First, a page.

Tuesday, October 15, 2019
Hydrogen Peroxide Essay Example for Free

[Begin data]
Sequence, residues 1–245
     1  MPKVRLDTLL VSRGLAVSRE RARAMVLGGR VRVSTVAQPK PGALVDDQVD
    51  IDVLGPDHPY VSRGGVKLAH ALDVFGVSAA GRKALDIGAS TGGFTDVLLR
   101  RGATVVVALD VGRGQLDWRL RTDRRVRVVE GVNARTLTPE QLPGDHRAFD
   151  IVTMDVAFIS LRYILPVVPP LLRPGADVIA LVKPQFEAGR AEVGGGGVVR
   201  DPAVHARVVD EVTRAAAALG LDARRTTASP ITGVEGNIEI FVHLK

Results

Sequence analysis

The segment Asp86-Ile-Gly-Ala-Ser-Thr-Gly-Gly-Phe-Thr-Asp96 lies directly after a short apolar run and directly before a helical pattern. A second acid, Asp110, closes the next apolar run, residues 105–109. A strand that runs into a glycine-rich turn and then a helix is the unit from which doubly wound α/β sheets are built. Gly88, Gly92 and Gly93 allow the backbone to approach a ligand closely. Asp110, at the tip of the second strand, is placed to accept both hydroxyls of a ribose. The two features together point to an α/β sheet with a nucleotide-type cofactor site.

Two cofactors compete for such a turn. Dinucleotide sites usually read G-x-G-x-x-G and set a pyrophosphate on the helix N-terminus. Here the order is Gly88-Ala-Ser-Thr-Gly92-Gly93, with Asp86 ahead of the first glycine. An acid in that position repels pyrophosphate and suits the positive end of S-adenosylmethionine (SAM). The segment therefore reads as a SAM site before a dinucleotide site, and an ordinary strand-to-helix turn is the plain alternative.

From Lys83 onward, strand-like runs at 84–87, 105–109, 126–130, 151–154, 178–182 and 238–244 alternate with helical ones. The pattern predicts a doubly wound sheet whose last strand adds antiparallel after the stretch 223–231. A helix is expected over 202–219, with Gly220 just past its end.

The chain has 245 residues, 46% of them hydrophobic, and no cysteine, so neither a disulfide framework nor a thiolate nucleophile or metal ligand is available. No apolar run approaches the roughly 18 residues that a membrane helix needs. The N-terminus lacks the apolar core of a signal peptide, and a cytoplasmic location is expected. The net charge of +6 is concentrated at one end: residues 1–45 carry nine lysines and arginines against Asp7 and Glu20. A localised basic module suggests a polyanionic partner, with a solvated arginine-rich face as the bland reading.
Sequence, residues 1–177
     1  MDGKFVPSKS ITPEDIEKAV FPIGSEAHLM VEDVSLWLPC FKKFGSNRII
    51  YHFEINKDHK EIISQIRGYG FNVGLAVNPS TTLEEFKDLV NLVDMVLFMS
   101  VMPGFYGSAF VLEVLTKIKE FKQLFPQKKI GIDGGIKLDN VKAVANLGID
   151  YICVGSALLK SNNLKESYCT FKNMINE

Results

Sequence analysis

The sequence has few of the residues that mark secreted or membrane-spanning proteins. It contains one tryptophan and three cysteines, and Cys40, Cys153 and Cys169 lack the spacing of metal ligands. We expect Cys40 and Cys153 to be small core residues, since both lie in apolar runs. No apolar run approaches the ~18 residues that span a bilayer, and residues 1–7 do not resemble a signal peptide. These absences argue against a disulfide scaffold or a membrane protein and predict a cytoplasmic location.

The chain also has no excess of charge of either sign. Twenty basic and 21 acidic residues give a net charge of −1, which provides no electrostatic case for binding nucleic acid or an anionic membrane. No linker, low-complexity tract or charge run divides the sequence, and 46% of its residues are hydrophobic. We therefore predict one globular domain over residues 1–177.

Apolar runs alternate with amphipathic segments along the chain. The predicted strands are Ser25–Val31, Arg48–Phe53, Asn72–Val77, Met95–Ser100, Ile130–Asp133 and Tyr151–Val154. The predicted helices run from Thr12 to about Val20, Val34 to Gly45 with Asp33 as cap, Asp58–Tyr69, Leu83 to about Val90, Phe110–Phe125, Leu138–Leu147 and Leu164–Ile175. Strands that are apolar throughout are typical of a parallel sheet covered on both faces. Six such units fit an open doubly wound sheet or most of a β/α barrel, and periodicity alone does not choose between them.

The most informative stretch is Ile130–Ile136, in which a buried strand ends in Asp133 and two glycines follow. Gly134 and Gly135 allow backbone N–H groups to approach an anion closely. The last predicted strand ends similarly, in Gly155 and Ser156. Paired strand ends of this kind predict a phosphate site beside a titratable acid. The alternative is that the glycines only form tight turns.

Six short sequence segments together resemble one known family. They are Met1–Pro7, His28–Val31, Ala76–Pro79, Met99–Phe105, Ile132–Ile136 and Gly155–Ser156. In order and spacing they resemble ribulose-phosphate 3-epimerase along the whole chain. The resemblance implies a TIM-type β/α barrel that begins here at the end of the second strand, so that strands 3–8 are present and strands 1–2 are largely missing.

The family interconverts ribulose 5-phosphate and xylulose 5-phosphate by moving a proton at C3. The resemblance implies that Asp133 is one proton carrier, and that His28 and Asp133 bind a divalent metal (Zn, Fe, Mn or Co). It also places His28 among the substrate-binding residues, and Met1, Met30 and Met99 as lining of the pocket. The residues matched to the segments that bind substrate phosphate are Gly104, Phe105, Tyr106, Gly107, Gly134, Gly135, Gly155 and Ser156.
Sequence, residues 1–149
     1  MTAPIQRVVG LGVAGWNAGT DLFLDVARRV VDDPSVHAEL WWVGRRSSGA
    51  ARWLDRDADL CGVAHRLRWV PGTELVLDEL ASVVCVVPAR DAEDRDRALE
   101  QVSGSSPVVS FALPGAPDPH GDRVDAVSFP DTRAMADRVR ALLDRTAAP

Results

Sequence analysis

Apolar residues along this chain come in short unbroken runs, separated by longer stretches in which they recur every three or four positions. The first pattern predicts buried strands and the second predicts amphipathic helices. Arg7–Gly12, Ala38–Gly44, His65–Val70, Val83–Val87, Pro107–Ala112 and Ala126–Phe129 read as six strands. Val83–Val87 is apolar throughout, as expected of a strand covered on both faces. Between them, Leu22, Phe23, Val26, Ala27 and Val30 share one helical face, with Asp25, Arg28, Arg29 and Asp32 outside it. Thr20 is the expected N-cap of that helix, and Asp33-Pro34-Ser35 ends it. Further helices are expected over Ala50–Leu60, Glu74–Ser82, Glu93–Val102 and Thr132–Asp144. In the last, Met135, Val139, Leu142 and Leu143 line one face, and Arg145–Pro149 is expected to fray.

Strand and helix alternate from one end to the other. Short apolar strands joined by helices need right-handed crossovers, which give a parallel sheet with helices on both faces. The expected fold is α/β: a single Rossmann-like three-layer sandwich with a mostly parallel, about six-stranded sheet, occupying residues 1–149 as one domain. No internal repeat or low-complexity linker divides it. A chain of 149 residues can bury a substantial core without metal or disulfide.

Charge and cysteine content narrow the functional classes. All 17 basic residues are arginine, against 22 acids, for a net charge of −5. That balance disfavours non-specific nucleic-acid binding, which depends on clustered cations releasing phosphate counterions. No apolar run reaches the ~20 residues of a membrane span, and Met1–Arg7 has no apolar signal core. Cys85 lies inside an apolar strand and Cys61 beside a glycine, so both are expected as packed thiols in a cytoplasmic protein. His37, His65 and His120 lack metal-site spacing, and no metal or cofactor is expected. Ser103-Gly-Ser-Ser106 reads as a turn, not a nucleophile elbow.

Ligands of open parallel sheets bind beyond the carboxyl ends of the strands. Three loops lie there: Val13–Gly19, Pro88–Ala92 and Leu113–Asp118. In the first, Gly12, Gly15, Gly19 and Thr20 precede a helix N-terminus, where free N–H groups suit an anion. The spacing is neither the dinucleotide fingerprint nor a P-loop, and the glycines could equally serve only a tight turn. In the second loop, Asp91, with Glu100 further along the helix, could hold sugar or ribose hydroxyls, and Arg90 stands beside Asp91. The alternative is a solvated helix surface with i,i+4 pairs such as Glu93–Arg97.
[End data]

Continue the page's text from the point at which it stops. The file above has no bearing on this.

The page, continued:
Hydrogen Peroxide Essay The same reaction is catalysed by theÃ enzymeÃ catalase, found in theÃ liver, whose main function in the body is the removal of toxic byproducts ofmetabolismÃ and the reduction ofÃ oxidative stress. The decomposition occurs more rapidly inÃ alkali, soÃ acidÃ is often added as a stabilizer. The liberation of oxygen and energy in the decomposition has dangerous side-effects. Spilling high concentrations of hydrogen peroxide on a flammable substance can cause an immediate fire, which is further fueled by the oxygen released by the decomposing hydrogen peroxide. High test peroxide, or HTP (also called high-strength peroxide) must be stored in a suitable, vented container to prevent the buildup of oxygen gas, which would otherwise lead to the eventual rupture of the container. In the presence of certain catalysts, such asÃ Fe2+Ã orÃ Ti3+, the decomposition may take a different path, withÃ free radicalsÃ such as HOÃ · (hydroxyl) and HOOÃ · (hydroperoxyl) being formed. A combination ofÃ H2O2Ã andÃ Fe2+Ã is known asÃ Fentons reagent. A common concentration for hydrogen peroxide isÃ 20-volume, which means that, when 1 volume of hydrogen eroxide is decomposed, it produces 20 volumes of oxygen. AÃ 20-volumeconcentration of hydrogen peroxide is equivalent to 1. 667Ã mol/dm3Ã (Molar solution) or about 6%. Redox reactions In acidic solutions,Ã H2O2Ã is one of the most powerful oxidizers knownÃ¢â¬âstronger thanÃ chlorine,Ã chlorine dioxide, andÃ potassium permanganate. Also, through catalysis,Ã H2O2Ã can be converted intohydroxyl radicalsÃ (Ã¢â¬ ¢OH), which are highly reactive. Oxidant/Reduced product| OxidationÃ potential, V| Fluorine/Hydrogen fluoride| 3. 0| Ozone/Oxygen| 2. 1| Hydrogen peroxide/Water| 1. 8| Potassium permanganate/Manganese dioxide. Chlorine dioxide/HClO| 1. 5| Chlorine/Chloride| 1. 4| In aqueous solutions, hydrogen peroxide can oxidize or reduce a variety of inorganic ions. When it acts as a reducing agent,Ã oxygenÃ gas is also produced. InÃ acidicÃ solutionsÃ Fe2+Ã is oxidized toÃ Fe3+Ã (hydrogen peroxide acting as an oxidizing agent), 2Ã Fe2+(aq) +Ã H2O2Ã + 2Ã H+(aq) ; 2Ã Fe3+(aq) + 2H2O(l) andÃ sulfiteÃ (SO2? 3) is oxidized toÃ sulfateÃ (SO2? 4). However,Ã potassium permanganateÃ is reduced toÃ Mn2+Ã by acidicÃ H2O2. UnderÃ alkalineÃ conditions, however, some of these reactions reverse; for example,Ã Mn2+Ã is oxidized toÃ Mn4+Ã (asÃ MnO2). Other examples of hydrogen peroxides action as a reducing agent are reaction withÃ sodium hypochloriteÃ orÃ potassium permanganate, which is a convenient method for preparingÃ oxygenÃ in the laboratory. NaOCl +Ã H2O2Ã Ã O2Ã + NaCl +Ã H2O 2Ã KMnO4Ã + 3Ã H2O2Ã 2Ã MnO2Ã + 2 KOH + 2Ã H2OÃ + 3Ã O2 Hydrogen peroxide is frequently used as anÃ oxidizing agentÃ in organic chemistry. One application is for the oxidation ofÃ thioethersÃ toÃ sulfoxides. For example,Ã methyl phenyl sulfidecan be readily oxidized in high yield toÃ methyl phenyl sulfoxide: Ph? S? CH3Ã +Ã H2O2Ã Ph? S(O)? CH3Ã +Ã H2O Alkaline hydrogen peroxide is used forÃ epoxidationÃ of electron-deficient alkenes such asÃ acrylic acids, and also for oxidation ofÃ alkylboranesÃ toÃ alcohols, the second step ofÃ hydroboration-oxidation. Formation of peroxide compounds Hydrogen peroxide is a weak acid, and it can formÃ hydroperoxideÃ orÃ peroxideÃ saltsÃ or derivatives of many metals. For example, on addition to an aqueous solution ofÃ chromic acidÃ (CrO3) or acidic solutions of dichromate salts, it will form an unstable blue peroxide CrO(O2)2. In aqueous solution it rapidly decomposes to form oxygen gas and chromium salts. It can also produce peroxoanions by reaction withÃ anions; for example, reaction withÃ boraxÃ leads toÃ sodium perborate, a bleach used in laundry detergents: Na2B4O7Ã + 4Ã H2O2Ã + 2 NaOH 2Ã Na2B2O4(OH)4Ã +Ã H2O H2O2Ã convertsÃ carboxylic acidsÃ (RCOOH) into peroxy acids (RCOOOH), which are themselves used as oxidizing agents. Hydrogen peroxide reacts withÃ acetoneÃ to formÃ acetone peroxide, and it interacts withÃ ozoneÃ to formÃ hydrogen trioxide, also known asÃ trioxidane. Reaction withÃ ureaÃ producesÃ carbamide peroxide, used for whitening teeth. An acid-base adduct withÃ triphenylphosphine oxideÃ is a useful carrier forÃ H2O2Ã in some reactions. Alkalinity Hydrogen peroxide can still form adducts with very strong acids. TheÃ superacidÃ HF/SbF5Ã forms unstable compounds containing theÃ [H3O2]+Ã ion. Domestic uses * DilutedÃ H2O2Ã (between 3% and 8%) is used to bleach humanÃ hairÃ when mixed withÃ ammonium hydroxide, hence the phrase peroxide blonde. * It is absorbed byÃ skinÃ upon contact and creates a local skinÃ capillaryÃ embolismÃ that appears as a temporary whitening of the skin. * It is used to whitenÃ bonesÃ that are to be put on display. 3%Ã H2O2Ã is effective at treating fresh (red) blood-stains in clothing and on other items. It must be applied to clothing before blood stains can be accidentally set with heated water. Cold water and soap are then used to remove the peroxide treatedÃ blood. Some horticulturalists and users ofÃ hydroponicsÃ advocate the use of weak hydrogen peroxide solution in watering solutions. Its spontaneous decomposition releases oxygen that enhances a plants root development and helps to treatÃ root rotÃ (cellular root death due to lack of oxygen) and a variety of other pests. Laboratory tests conducted by fish culturists in recent years have demonstrated that common household hydrogen peroxide can be used safely to provide oxygen for small fish. Hydrogen peroxide releases oxygen by decomposition when it is exposed toÃ catalystsÃ such asÃ manganese dioxide. * Hydrogen peroxide is a strong oxidizer effective in controlling sulfide and organic-related odors in wastewater collection and treatment systems. It is typically applied to a wastewater system where there is a retention time of 30 minutes to 5 hours before hydrogen sulfide is released.